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prison

Sam Zeff / KCUR 89.3

The man who many Democrats thought could go all the way to the Missouri governor's mansion instead will be going to federal prison for more than two years.

Former Jackson County Executive Mike Sanders was sentenced Wednesday to 27 months in prison for a wire fraud conviction in connection with a kickback scheme that netted Sanders at least $40,000.

Segment 1: Local man's shares story behind an American prison riot during the Vietnam War.

50 years have passed since a riot occured at a notorious American military prison in Vietnam. A jail to house not enemy fighters, but American soldiers. On this episode, we learn about a Kansas City native's involvement in the uprising and the meaning behind it. 

Segment 1: Is the phrase "white people" becoming taboo?

On this episode, we explore the concept of whiteness as an identity and why some people are uncomfortable with the term.

  • Micah Kubic, author, Freedom, Inc. and Black Political Empowerment
  • Lona Davenport, program coordinator, Division of Diversity and Inclusion at UMKC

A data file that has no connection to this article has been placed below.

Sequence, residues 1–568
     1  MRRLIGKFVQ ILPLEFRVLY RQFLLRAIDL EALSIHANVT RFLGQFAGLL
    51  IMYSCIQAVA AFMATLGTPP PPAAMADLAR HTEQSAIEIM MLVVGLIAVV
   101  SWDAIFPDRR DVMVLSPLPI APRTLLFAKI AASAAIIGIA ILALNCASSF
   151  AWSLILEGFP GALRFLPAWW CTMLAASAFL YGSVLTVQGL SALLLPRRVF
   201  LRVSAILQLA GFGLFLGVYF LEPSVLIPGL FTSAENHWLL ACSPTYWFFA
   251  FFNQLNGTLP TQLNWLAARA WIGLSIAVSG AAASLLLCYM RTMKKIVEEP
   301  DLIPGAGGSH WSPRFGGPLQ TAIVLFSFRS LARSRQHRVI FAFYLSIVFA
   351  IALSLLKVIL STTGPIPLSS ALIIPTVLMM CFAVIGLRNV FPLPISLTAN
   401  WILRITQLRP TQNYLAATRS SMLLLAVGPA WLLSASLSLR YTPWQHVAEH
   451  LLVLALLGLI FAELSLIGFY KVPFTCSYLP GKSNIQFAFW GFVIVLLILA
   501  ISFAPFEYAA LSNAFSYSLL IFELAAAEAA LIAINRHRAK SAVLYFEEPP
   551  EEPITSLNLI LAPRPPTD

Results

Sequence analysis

Segment 2, beginning at 33:50: How Shakespeare can help prisoners improve their social skills.

Courtesy Kansas Department of Corrections

Several inmates at El Dorado Correctional Facility in Kansas initiated an uprising Sunday that lasted throughout the early afternoon that resulted in extensive damage to the prison complex.

The American Civil Liberties Union and its Kansas affiliate have filed suit against the Montgomery County Attorney, alleging he failed to follow state law in the use of diversion programs.

The suit was filed Friday with the Kansas Supreme Court, according to a news release from the ACLU. It requests that Montgomery County Attorney Larry Markle be required to create written diversion policies and guidelines; provide written notice of diversion programs to defendants charged in Montgomery County, and hold diversion conferences for defendants offered diversion.